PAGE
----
There’s solid evidence to show that chronic depression is an inflammatory disorder (7, 8). The question scientists are now asking themselves is: Where does the low-grade inflammation that accompanies depression stem from? Emerging evidence shows that our microbiome may be the key to answering this question.
Some 70% of our immune system is located in and around the gastrointestinal tract, and the microorganisms found in our gut play a key role in regulating this system. Also, having a healthy gut microbiota is absolutely crucial for the prevention of chronic inflammation, as a resilient and diverse community of gut bugs keeps proinflammatory bacteria at bay and protects the intestinal barrier.
The bacteria in our gut also affect our brain function and mental health, and recent studies suggest that microbes may play a crucial role in inducing anxiety and depression (9, 10, 11). While certain gut bugs can contribute to making you depressed, others have antidepressive effects. For example, the soil bacterium Mycobacterium vaccae has been shown to mirror the effect on neurons that drugs like Prozac provide, which has led some authors to suggest that probiotics may one day replace – or at least supplement – antidepressive drugs (12).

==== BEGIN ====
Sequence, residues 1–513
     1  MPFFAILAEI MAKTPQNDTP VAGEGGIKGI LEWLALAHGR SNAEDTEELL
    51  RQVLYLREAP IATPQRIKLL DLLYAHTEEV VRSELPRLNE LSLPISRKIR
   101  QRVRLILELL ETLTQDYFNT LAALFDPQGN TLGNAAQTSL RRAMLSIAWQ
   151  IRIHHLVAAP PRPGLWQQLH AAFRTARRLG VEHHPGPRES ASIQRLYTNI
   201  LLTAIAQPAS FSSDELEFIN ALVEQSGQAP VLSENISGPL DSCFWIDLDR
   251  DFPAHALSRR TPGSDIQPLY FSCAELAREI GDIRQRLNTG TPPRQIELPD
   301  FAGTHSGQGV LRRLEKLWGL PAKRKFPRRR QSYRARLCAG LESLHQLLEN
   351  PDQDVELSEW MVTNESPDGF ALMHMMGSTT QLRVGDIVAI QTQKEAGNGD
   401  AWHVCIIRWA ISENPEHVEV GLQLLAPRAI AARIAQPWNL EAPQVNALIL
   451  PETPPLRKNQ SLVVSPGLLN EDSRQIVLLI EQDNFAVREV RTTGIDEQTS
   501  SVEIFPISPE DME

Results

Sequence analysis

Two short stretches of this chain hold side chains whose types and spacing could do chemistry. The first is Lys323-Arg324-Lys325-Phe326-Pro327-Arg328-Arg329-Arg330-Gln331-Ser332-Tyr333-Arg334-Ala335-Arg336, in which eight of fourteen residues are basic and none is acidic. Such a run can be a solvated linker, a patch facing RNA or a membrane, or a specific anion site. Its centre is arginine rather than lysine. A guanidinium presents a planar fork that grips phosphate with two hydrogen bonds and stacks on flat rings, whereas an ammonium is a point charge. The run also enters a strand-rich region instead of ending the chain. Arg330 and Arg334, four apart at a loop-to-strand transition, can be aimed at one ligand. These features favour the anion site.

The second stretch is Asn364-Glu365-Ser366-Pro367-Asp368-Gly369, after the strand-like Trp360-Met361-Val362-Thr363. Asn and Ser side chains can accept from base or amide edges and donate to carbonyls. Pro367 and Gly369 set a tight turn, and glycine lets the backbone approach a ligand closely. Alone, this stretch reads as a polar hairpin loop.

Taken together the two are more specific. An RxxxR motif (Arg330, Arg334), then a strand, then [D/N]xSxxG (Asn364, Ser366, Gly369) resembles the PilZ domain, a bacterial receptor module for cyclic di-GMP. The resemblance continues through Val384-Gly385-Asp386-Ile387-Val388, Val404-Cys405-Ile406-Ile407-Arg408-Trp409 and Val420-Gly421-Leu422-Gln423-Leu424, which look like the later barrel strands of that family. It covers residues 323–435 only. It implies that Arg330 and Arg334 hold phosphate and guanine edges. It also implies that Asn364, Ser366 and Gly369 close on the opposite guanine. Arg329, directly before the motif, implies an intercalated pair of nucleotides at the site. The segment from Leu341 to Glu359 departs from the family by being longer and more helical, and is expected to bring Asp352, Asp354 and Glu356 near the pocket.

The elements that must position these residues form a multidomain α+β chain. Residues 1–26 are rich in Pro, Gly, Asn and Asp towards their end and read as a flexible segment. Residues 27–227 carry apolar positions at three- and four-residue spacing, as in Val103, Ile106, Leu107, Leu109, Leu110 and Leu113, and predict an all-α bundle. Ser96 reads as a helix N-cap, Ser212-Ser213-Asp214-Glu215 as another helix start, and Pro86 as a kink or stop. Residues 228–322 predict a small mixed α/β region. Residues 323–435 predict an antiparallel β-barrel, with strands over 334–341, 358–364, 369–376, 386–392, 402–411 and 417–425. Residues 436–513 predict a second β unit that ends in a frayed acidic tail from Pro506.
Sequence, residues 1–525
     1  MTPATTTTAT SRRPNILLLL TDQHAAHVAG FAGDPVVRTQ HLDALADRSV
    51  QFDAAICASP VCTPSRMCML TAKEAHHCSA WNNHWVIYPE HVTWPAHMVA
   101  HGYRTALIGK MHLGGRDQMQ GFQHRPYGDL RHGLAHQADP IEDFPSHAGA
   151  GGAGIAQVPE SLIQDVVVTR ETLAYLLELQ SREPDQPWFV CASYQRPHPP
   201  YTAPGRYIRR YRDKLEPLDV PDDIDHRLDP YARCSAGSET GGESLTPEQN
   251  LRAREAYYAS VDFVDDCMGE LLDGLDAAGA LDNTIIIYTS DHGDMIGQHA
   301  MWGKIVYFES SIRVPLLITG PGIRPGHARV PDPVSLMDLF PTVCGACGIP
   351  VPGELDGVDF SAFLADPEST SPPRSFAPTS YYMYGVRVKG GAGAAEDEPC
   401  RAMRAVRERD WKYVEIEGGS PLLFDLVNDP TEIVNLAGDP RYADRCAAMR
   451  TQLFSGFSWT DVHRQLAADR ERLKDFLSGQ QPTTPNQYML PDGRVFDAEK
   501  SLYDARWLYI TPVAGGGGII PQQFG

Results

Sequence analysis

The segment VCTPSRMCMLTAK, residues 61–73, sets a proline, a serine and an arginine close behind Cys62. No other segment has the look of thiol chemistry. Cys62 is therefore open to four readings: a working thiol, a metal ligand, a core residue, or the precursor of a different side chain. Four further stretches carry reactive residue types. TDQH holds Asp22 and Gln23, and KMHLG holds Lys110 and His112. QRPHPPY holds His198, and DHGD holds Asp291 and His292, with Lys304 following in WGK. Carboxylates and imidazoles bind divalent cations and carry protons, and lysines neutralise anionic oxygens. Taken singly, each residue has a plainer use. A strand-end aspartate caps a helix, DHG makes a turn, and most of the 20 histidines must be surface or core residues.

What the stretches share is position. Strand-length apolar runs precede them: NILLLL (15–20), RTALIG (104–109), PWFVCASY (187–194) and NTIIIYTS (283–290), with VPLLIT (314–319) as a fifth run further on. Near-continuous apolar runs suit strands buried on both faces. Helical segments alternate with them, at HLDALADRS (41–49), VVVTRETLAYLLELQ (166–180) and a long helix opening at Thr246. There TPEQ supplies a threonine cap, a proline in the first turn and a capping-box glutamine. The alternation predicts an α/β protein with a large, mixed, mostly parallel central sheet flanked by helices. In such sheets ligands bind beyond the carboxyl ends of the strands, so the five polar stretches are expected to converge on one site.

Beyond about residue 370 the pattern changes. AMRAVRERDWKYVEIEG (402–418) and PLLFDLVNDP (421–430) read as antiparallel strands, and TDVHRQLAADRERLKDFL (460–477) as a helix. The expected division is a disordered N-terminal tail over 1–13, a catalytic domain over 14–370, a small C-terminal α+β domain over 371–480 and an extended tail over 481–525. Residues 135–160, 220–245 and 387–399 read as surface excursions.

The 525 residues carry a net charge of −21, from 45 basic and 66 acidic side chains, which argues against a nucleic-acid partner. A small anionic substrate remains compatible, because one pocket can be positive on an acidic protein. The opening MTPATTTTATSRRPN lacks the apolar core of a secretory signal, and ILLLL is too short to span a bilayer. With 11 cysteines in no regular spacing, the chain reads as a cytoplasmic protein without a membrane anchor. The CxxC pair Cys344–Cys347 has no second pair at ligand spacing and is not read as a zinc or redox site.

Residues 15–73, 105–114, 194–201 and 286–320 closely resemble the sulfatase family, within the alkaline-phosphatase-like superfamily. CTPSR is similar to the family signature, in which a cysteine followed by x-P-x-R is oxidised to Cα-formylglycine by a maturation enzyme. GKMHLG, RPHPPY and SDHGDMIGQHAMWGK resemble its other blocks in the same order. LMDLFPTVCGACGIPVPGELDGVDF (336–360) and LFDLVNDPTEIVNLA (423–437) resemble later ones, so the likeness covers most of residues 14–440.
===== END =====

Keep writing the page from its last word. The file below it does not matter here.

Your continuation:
In the coming decade I suspect that we will see a whole range of new microbiome modulators and probiotics on the market that are specifically designed for the treatment of mental health disorders such as chronic depression, ADHD, and autism.
4. Gas, bloating, bad breath, coated tongue, loose stools, constipation, and other problems associated with irritable bowel syndrome